Monday, October 15, 2007

Only in New York

A wonderful Sunday in New York:
1. An afternoon in Washington Square Park. I've lived in this city for 15 years and crossed the park countless times and sometimes sat in the grass and read a book. But I've never really spent time just observing the motley crew of weirdos that makes this park unique. The hippie aura is alive and well in Washington Square, where one sees characters you don't see anywhere else. I live around the corner, and the kind of people you see in the park, you don't see on the street. It's as if they materialize out of the trees.
2. Blade Runner, the Final Cut at the Ziegfield. Oh, the joy of a bigass theater and a big screen. The luxury! The Ziegfield also boasts an enterprising usher that greets you with a booming, theatrical voice. Even the popcorn tastes better. Now, it is worth revisiting Blade Runner just because it is so visually stunning. I remember the first time I saw it, I was blown away by the noodle stands in perpetual night and rain, and by the floating geishas. The movie still gets the future right: dark, damp, cluttered and dirty -- it is magnificent. Ridley Scott did have a bit of an obsession with ceiling fans and window shades, and fog coming in through the slats at all times. But the set design and the whole visual concept of the movie are so unique and atmospheric and disturbing, it is gorgeous. Harrison Ford is totally wooden as Deckerd, the Blade Runner. He is more robotic than the replicants, but that may just be the point. How do you trust anyone in a world where robots are so human looking? I'm not a huge fan of science fiction but the premise of this movie is very cool. Sean Young wears huge shoulder pads and Daryl Hannah looks suitably punkish and Rutger Hauer is still very scary and Eddie Olmos wears blue contact lenses. I don't remember the original in much detail, but this cut seems much more atmospheric, the pace more stately, more ruminative. Also, there is an eye gouging a la King Lear that I don't remember from the original. Very violent but effective. And the original end, if I remember correctly, Sean and Harrison escaped into some lush green mountains that had nothing to do with the world he had just witnessed. No longer. The ending is much subtler and better now.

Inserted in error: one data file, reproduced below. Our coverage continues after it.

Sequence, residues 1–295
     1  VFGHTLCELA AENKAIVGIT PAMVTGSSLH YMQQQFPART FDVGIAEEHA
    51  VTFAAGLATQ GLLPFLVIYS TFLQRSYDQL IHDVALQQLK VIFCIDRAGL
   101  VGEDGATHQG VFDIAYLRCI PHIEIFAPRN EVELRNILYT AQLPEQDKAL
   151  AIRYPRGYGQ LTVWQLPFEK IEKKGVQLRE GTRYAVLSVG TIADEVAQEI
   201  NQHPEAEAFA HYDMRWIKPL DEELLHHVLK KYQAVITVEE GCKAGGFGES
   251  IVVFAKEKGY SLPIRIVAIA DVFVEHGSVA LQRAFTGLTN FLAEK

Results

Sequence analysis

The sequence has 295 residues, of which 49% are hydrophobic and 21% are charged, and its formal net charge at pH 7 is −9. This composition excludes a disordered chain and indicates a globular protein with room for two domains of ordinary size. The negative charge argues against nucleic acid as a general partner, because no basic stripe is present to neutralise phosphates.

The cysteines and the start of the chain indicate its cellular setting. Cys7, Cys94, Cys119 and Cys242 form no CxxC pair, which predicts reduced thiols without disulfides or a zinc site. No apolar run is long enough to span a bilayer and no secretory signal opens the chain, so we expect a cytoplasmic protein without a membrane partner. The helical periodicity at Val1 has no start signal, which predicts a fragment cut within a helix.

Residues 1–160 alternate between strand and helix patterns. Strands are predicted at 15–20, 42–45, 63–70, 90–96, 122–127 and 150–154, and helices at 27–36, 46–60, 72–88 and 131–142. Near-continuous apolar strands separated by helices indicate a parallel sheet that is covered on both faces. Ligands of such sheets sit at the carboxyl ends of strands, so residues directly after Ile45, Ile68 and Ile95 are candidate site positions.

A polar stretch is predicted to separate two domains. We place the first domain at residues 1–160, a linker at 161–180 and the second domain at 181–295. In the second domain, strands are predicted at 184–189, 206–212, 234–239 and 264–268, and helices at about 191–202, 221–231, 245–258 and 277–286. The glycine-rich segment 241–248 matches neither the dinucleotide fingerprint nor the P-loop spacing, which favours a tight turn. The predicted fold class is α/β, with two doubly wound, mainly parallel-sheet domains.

3. After such a wonderful time, it was time for a cocktail at the Old King Cole bar at the St. Regis. The best part was that on our way there we saw the Richard Serra sculptures being dismantled from MoMa. The huge segments of burnt orange steel were resting on trucks the length of the street and it was a miraculous find, a little New York marvel and quite Blade Runnerian in a way.
4. I had an $18 martini at the King Cole bar, that was so good, so dry, so crisp, so huge, with three fat olives (dinner) making sure I didn't just tip over from all that bracing alcohol. The King Cole is expensive. A Corona beer is $12 but then you'd be an ass to go to this bar and order a Corona. They give you generous amounts of great crunchy things to munch on. The service is charming and the martini perfect, so it's worth the money. I congratulated the bartender on his martini and he lit up. So cute. A taste of old New York (except with everybody, including us, dressed like schleppers).
Is that a good way to spend a Sunday, or what?

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